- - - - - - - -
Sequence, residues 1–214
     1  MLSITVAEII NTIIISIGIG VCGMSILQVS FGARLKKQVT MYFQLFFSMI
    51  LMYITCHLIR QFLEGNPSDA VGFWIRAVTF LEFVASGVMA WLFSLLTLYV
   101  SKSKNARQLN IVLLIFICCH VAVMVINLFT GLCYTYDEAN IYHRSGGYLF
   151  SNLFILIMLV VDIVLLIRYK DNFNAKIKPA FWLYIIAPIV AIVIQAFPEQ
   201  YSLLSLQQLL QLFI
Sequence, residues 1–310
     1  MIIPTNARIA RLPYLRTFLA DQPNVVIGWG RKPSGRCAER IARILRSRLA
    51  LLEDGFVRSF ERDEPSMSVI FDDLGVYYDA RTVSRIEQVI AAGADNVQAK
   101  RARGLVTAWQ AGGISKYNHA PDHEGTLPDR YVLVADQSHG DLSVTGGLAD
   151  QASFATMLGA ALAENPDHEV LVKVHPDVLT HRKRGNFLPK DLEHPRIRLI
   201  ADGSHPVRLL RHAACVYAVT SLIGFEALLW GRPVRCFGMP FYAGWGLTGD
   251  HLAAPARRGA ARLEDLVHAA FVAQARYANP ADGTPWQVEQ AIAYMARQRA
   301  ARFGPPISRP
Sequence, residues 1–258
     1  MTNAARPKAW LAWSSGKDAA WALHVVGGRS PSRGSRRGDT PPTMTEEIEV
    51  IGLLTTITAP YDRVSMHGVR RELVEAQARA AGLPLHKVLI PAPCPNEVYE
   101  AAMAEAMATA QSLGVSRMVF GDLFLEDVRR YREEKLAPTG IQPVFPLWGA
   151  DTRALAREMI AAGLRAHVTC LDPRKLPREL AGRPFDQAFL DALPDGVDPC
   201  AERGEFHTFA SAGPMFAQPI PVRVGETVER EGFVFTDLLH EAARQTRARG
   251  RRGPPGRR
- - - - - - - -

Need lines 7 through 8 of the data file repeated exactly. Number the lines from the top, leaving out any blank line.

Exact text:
Sequence, residues 1–310
     1  MIIPTNARIA RLPYLRTFLA DQPNVVIGWG RKPSGRCAER IARILRSRLA